Martin Luther King III, the eldest son of the civil rights legend, and his wife, Arndrea Waters King, acknowledged it was a “difficult decision” for them to attend President Joe Biden’s speech on voting rights.
Biden, along with Vice President Kamala Harris, gave a speech in Atlanta on the importance of voting rights legislation Tuesday. However, several prominent voting rights groups skipped the event, calling Biden and Harris words nothing more than lip service. Andrea Waters King told MSNBC that she understood the frustration of those groups.
“We certainly understand the frustration of our local partners here in Georgia,” Arndrea Waters King told MSNBC in an interview. “It’s been a long year of a lot of things not being done, and we stand and we share that frustration.”
Others also believe the country is past the time for speeches. Nineteen states have passed election restriction bills cutting access to absentee ballots, early voting, drop boxes, and even food, water, and restroom services for those waiting in line to vote.
“We don’t need any more photo ops. We need action,” former Georgia NAACP President James Woodall told the New York Times.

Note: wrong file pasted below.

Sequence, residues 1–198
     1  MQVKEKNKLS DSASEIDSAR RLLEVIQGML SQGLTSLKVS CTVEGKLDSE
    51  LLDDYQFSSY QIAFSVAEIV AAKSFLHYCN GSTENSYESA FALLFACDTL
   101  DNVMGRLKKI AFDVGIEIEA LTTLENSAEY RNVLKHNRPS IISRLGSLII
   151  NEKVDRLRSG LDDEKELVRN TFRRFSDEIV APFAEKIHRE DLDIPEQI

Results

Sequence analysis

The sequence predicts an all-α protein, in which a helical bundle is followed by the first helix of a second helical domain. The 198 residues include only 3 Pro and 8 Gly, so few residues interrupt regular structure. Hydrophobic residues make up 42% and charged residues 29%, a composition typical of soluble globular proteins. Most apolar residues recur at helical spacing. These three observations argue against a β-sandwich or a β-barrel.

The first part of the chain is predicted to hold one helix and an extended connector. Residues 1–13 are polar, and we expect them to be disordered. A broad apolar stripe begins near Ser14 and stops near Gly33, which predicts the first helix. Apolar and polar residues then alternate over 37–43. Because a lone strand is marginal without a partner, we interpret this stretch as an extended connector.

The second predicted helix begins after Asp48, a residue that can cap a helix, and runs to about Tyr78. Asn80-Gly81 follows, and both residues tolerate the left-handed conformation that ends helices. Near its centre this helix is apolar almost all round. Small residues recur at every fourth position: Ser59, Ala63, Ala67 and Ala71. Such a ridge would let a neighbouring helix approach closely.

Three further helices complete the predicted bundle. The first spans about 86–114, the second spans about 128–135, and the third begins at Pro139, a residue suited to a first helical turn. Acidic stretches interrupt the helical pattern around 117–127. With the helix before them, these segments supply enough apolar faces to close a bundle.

In their speeches, Biden and Harris committed to doing everything possible to pass two federal voting rights bills that remain stalled in the Senate. Jesse Jackson, Al Sharpton, NAACP President Derrick Johnson, and National Urban League President Marc Morial attended the event.
Even Stacey Abrams, who is running for Georgia governor for a second time and is largely credited with President Biden winning the state of Georgia, skipped the event, although she said it was due to her schedule. Abrams’ spokesperson Seth Bringman said she voiced her support for the event.
King III said he was disappointed by the lack of action from the Biden administration concerning voting rights legislation and how they seemingly did nothing as other states added significant restrictions to voting.
“I don’t even understand how anybody would be against expanding and protecting the right to vote and preserving democracy,” Martin Luther King III said. “It’s a very sad position…where we are right now. And absolutely, I think that a lot of this should have already been done.”
Biden spokeswoman Jen Psaki told reporters she and the Biden administration understand the frustrations of many organizations and Tuesday’s speech is the opening salvo in the right direction.
“It is not that we don’t understand the frustration. We do,” Psaki said. “We want Congress to pass this legislation, as well. The president is going to make a very clear case that today is a day, right now is a moment where people will look in the history books and see where you stood.…And I think that’s something [that] probably the King family would agree with.”